It’s hard to describe how picky I am about certain things. Soup is one of those things. In my humble opinion, creamy soups should be, in fact, creamy and not even a little bit watery. Broth-based soups should have enough substance to them to consider them a meal or at least a light meal…but of course not too much substance so that there’s no liquid left to slurp. I don’t know…I can’t be the only one who feels like way, can I?
One of my favorite local restaurants, which has the best wings around, is also really well-known for their cheddar ale soup. It’s a mighty fine soup, except that it lacks just a teensy bit in the ale flavor. But the texture is spot-on and it’s so creamy that it almost takes two licks of the spoon to clean it. I almost always order a cup when I’m there, even in the middle of summer. And for years, I’ve considered trying to duplicate the soup at home.
So along with those pretzel rolls I attempted a few times last year/winter came a few attempts at making this soup as well. And what I’ve learned from those experiences is that combining beer with a milk product in the wrong ratio can produce a truly horrifying result. Like, downing a buttery nipple shot after a night of drinking only beer horrifying. (Trust me.)
I should have known this already based on a failed beer mac and cheese recipe I made last winter (those were dark days), but after tweak here and a fiddle there, I finally found the right combo for this soup. Start with bacon, add veggies, flour, beer, broth, and milk, end with sharp cheddar. Any recipe starting with bacon and ending with cheese should already stop you in your tracks. But dip some pretzel buns in this bacon cheddar ale soup and you’ve got yourself one heck of a perfect wintery night comfort meal.
To make this a vegetarian cheddar ale soup, saute the vegetables in 3 tablespoons of canola oil or unsalted butter instead of the bacon fat and swap the chicken broth for veggie broth.
This recipe makes 2 good-sized dinner servings or 4 appetizer servings. The recipe can be easily doubled but depending on the strength of your beer, you may want to adjust the amount you add according to your tastes. A half bottle (6 oz) in the recipe below adds a good "punch" of beer flavor to the soup.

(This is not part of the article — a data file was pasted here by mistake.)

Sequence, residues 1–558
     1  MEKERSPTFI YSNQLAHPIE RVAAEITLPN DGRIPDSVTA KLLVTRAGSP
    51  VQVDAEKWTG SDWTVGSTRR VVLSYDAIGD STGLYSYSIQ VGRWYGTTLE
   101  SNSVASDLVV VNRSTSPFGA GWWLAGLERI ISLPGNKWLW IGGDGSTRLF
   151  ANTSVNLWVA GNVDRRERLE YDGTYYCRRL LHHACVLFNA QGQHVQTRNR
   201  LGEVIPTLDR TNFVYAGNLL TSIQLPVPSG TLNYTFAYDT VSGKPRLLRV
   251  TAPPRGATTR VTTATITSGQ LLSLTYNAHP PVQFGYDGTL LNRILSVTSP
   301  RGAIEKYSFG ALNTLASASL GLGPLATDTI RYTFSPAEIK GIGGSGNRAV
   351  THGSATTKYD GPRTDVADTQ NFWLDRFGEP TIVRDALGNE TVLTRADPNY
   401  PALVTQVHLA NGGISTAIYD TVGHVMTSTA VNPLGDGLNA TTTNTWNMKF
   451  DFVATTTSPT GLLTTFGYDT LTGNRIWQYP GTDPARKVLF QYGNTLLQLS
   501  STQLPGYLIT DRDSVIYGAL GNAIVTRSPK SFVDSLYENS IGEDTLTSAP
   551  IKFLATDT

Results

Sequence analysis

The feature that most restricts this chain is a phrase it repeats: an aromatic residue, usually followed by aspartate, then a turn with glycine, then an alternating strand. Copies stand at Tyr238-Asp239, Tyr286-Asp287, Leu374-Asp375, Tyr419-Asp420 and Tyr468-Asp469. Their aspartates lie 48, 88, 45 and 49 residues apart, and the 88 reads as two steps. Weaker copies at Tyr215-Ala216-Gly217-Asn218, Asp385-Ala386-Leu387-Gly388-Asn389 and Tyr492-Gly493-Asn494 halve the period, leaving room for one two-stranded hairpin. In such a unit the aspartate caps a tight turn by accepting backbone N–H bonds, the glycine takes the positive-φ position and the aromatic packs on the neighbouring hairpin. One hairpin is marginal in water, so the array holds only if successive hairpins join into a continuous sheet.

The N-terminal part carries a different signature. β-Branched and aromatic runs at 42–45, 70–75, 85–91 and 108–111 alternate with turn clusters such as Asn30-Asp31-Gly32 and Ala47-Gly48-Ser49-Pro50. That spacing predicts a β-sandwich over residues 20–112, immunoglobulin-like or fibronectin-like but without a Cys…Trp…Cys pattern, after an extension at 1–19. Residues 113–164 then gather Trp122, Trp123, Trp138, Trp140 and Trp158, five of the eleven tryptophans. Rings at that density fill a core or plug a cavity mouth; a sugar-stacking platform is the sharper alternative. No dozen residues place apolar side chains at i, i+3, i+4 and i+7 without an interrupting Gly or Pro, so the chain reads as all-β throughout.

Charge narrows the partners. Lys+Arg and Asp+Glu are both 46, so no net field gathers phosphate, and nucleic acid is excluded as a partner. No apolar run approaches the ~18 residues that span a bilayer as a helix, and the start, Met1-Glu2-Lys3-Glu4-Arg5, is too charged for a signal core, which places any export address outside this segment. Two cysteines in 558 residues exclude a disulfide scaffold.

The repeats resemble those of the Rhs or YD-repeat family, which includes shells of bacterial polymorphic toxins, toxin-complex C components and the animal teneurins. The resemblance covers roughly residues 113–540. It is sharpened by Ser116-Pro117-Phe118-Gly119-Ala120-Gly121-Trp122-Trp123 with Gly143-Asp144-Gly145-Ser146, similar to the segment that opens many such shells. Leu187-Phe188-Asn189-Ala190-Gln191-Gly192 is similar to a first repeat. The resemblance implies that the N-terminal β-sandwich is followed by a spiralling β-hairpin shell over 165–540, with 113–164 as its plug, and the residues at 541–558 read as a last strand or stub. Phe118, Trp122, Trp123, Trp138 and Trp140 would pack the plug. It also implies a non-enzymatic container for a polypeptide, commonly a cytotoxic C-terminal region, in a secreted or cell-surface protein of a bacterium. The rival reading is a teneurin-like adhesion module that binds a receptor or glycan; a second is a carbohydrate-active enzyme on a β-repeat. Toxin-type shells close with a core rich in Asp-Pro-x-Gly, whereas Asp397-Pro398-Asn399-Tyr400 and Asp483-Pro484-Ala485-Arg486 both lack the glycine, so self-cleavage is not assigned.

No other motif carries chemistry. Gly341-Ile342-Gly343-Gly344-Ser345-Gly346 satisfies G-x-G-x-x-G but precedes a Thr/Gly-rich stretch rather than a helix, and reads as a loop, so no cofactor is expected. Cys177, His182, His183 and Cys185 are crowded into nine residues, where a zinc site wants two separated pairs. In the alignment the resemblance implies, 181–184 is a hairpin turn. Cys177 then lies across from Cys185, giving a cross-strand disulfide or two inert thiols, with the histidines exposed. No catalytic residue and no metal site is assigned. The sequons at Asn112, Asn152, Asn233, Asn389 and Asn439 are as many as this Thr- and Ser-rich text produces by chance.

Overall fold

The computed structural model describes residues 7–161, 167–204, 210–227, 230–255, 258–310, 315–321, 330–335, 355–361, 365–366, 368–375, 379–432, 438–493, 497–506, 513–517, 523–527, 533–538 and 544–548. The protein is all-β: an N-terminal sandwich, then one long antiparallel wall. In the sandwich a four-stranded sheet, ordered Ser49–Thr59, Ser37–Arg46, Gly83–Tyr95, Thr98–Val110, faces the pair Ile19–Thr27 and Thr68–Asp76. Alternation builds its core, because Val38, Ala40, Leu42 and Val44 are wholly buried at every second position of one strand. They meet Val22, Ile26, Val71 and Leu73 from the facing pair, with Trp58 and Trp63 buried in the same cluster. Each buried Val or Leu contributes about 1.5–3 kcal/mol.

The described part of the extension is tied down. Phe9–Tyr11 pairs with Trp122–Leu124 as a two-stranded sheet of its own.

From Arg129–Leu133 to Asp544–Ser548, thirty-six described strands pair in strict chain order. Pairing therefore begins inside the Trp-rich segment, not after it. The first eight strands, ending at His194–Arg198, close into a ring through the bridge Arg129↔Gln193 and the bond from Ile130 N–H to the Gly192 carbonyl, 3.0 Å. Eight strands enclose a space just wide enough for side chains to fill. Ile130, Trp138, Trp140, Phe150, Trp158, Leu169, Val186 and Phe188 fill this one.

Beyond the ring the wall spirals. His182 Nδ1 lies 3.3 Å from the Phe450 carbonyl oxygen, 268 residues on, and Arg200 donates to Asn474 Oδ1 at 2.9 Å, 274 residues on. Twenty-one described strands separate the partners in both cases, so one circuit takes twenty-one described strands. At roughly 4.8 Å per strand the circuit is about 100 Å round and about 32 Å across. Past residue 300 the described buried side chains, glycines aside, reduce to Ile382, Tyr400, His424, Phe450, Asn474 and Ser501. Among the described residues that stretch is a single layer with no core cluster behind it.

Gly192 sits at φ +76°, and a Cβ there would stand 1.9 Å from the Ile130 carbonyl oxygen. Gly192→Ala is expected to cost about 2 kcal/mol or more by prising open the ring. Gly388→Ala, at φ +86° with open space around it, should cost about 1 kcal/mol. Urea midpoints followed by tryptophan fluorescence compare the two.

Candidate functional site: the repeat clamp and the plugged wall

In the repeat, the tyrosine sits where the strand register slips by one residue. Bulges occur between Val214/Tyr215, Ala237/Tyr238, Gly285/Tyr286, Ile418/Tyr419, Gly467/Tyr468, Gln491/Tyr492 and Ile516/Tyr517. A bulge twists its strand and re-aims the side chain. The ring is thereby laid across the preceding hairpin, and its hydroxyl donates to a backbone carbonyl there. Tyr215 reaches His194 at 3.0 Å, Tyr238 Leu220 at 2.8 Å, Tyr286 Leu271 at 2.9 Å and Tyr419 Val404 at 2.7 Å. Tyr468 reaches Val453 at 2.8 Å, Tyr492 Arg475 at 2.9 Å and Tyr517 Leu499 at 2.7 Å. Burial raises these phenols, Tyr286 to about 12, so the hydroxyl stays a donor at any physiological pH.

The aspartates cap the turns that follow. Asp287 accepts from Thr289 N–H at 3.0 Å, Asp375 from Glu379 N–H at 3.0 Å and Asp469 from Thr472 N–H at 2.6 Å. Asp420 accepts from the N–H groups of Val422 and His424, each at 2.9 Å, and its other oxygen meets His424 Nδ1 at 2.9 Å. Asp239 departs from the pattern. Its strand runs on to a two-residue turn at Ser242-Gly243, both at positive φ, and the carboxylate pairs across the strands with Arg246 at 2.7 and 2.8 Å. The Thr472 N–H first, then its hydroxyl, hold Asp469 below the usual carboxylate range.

- 3 slices thick-cut bacon, sliced into ¼-inch pieces
- 1 leek, chopped (white and light green parts only - about 1 cup)
- 1 large carrot, peeled and chopped (about ½ cup)
- 1 rib of celery, chopped (about ½ cup)
- 2 cloves garlic, minced
- ¼ cup all-purpose flour
- 1 ¼ cups low-sodium chicken broth
- 6 oz ale (I used an IPA - Harpoon - but most mild pale ales will work)
- ½ cup whole milk
- 8 oz sharp cheddar cheese, shredded (about 2 cups)
- Kosher salt and freshly ground black pepper
- Cook the bacon in a large saucepan or small Dutch oven set over medium-high heat until crisp. Scoop out the bacon with a slotted spoon and allow it to drain on a paper towel-lined plate. Drain off all but 3 tablespoons of the bacon fat. Turn the heat down to medium, add the leeks, carrots, celery, ½ teaspoon salt, and ¼ teaspoon of pepper and saute for 8-10 minutes, stirring occasionally, until the carrots and celery start to soften. Toss in the garlic and cook, stirring, for 30 seconds until fragrant.
- Whisk the flour into the vegetables and cook, stirring constantly, for 1 minute. Whisk the chicken broth into the saucepan vegetable mixture to deglaze the pan and whisk until no lumps of flour remain. Blend the mixture in the saucepan until smooth with an immersion blender or transfer the mixture to a blender and blend until smooth then pour the mixture back into the saucepan.
- Stir the beer into the pan, bring to a simmer, and stir as needed - watch carefully because the beer can cause the mixture can boil over. Allow the soup to cook down for 10 minutes then stir in the milk and allow it to warm through for 1-2 minutes. Stir the cheese into the soup by the handful, allowing each handful to melt into the soup before adding the next. Season with salt and pepper to taste. Garnish with the cooked bacon before serving.
heavily adapted from Epicurious/Gourmet March 2005